On the same day, Saladin sent to the king of Eng. land costly presents, and requested him to put off the day on which he had proposed to cut off the heads of the the king declined to put off the day any longer, or to accept the presents of Saladin. On Saladin seeing and hearing this, he caused the heads of all the Christians, whom he had in his hands, to be cut off; which was accordingly done on the eighteenth day of the month of August, being the Lord's day. On the same day, the king of England moved his army, and drew near to the army of Saladin, and had an engagement with him, on which occasion many fell on both sides both killed and wounded, among whom, Peter Mignot, one of the household of the king of England, was slain.
The king of England, although he heard of the death of the Christians who had been slain, was still unwilling to anticipate the time which he had fixed upon for taking off the heads of the pagans. However, on the seventeenth day of the month of August, being the third day of the week and the thirteenth day before the calends of September, the king of England caused all the pagans who belonged to him from the capture of Acre to be led out before the army of Saladin, and their heads to be struck off in the presence of all. The duke of Burgundy also caused the heads of the pagans to be cut off who had belonged to the king of France, both within the city, and without, and near the walls of the city.
Still, the king of England and the duke of Burgundy preserved some of the pagans for their ransom, whose names were as follow : Mestoc, Karakois, Hessedin, the son of Caulin, Hessedin Jordic, Passelari, Kamardoli, and Kaedin. The number of the pagans thus slain was five thousand, all of whom the Christians disembowelled, and found much gold and silver in their entrails, while they preserved their gall for medical purposes. On the twenty-first day of the month of August, after the slaughter of the pagans, the king of England delivered into the charge of Bertram de Verdun the city of Acre, and the queen of England, the queen of Sicily, and the daughter of the emperor of Cyprus. On the twenty-second day of the month of August, being the fifth day of the week, the king of England crossed the river of Acre with his army, and, pitching his tents between that river and the sea, on the sea-shore between Acre and Cayphas, remained there four days. After this, he proceeded along the sea-shore towards Joppa, while his ships sailed near him on the sea with his provisions and engines of war, in order that if he had any necessity for so doing, he might be enabled to return to his ships. Saladin and his army in the meantime proceeded along the mountain passes, not far from the king's army, that he might impede his passage.
In the month of September, on the third day after the exaltation of the Holy Cross, when the king of England and his army had passed the straits of Merle, and the duke of Burgundy with the Templars and Franks was keeping the rearguard, and the king of England had hoisted his standard in the midst of them, and had delivered his dragona to Peter de Pratelles to carry, against the claim of Robert Trussebut, who had claimed to carry the same according to the right of his predecessors, Saladin made a fierce attack upon the duke of Burgundy and those who were with him. But no Christian was slain on that occasion, with the sole exception of Jacques de Avennes, who, with a few men withstood Saladin and his army; as the duke of Burgundy took to flight. On this, the king of England, hearing the noise in the rear, wheeled about and manfully engaged with the army of Saladin, and gained a victory over him, slaying three thousand of the pagang ; after which he remained there three days. The king then wrote to his deputies and friends to the following effect :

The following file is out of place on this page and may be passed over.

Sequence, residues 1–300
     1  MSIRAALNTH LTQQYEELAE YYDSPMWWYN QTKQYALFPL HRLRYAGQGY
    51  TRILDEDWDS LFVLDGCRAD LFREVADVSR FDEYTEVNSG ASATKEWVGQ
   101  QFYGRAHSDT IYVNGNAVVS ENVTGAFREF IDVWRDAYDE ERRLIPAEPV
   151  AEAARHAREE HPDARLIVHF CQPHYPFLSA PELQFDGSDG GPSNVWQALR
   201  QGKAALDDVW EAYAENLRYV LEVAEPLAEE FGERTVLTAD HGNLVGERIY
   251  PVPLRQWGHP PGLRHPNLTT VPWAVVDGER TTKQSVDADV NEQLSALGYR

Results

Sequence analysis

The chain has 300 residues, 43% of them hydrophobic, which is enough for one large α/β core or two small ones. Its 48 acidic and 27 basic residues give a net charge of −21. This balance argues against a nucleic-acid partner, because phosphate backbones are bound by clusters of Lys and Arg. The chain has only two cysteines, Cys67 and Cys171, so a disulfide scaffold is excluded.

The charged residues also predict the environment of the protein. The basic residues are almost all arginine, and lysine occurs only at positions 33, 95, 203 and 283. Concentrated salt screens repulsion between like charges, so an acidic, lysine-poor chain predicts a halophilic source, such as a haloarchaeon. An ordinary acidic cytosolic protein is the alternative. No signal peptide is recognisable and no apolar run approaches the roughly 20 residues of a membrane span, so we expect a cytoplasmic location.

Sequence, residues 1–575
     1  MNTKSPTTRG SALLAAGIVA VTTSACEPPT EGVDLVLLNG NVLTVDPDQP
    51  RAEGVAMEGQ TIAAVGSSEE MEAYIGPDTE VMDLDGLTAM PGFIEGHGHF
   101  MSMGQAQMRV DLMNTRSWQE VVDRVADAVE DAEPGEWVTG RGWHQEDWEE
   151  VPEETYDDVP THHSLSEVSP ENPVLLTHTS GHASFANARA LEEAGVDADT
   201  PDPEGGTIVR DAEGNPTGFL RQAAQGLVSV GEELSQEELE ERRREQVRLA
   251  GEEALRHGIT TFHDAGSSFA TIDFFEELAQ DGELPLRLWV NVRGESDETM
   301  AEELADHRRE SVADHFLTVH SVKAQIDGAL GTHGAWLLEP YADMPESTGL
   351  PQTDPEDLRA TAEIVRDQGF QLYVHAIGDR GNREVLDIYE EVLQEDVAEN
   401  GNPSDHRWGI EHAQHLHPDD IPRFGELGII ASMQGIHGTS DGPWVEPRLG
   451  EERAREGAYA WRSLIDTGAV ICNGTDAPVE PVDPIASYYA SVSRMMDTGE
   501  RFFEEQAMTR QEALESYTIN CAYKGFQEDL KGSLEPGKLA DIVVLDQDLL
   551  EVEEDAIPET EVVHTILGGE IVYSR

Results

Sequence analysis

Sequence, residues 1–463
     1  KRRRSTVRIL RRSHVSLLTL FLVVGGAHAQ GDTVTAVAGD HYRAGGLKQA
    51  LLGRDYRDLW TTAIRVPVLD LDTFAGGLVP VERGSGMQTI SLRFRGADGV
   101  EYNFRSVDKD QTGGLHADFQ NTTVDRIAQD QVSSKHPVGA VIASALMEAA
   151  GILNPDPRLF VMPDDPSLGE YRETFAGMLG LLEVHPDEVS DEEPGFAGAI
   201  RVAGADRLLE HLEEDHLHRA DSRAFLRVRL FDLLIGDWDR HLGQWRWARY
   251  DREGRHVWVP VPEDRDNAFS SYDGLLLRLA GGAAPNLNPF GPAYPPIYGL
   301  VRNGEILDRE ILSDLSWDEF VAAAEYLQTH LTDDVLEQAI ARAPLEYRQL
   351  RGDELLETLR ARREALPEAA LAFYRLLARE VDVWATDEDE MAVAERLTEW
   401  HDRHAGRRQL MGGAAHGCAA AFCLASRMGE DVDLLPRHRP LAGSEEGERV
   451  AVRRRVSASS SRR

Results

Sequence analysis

27 The royal standard.
The Letter of Richard, king of England, on the departure of the
king of France from Aore. “ Richard, by the grace of God, king of England, duke of Normandy and Aquitaine, and earl of Anjou, to N., his dearly beloved and faithful subject, greeting, Know, that after the capture of Acre, and after the departure of my lord the king of France from us at Acre, who there basely abandoned the purpose of his pilgrimage, and broke his vow, against the will of God, to the eternal disgrace of himself and of his realm, we took the road to Joppa; and when we approached near Assur, Saladin met us with a mighty host of his Saracens, and made an attack upon us. However, by the mercy of God, we lost not a man on this day, with the exception of one of extreme valour, and much endeared to the whole army by his merits, namely, Jacques de Avennes, who was ever ready and devoted, lik a stay and support to the army, in all holiness and in the sincerity of the faith, for many years past, to serve God in the army of the Christians. After this, by the will of God, we arrived at Joppa. We fortified that city with trenches and a wall, making it our purpose everywhere, to the very best of our power, to promote the interests of Christianity. Also, on a second day, being the vigil of the Nativity of Saint Mary, Saladin lost an infinite number of his great men, and taking to flight, as though bereft of the benefit of all aid and counsel, laid waste the whole of the land of Sulia. Further, on the third day before the rout of Saladin, we were wounded in the left side with a javelin, but by the grace of God have now recovered from the effects thereof. Know, also, that by the grace of God, we hope within twenty days after the Nativity of our Lord, to recover the Holy City of Jerusalem, and the Sepulchre of our Lord, after effecting which we shall return home. Witness ourselves at Joppa, on the first day of October.” The Letter of the king of England to the abbat of Clairval, on the
same subject. “Richard, by the grace of God, king of England, duke of Normandy and Aquitaine, and earl of Anjou, to the venerable man and his most dearly-beloved friend in Christ, the abbat of Clairval, health and a succession of continued prosperity. After the mournful and universally bewailed loss of the Holy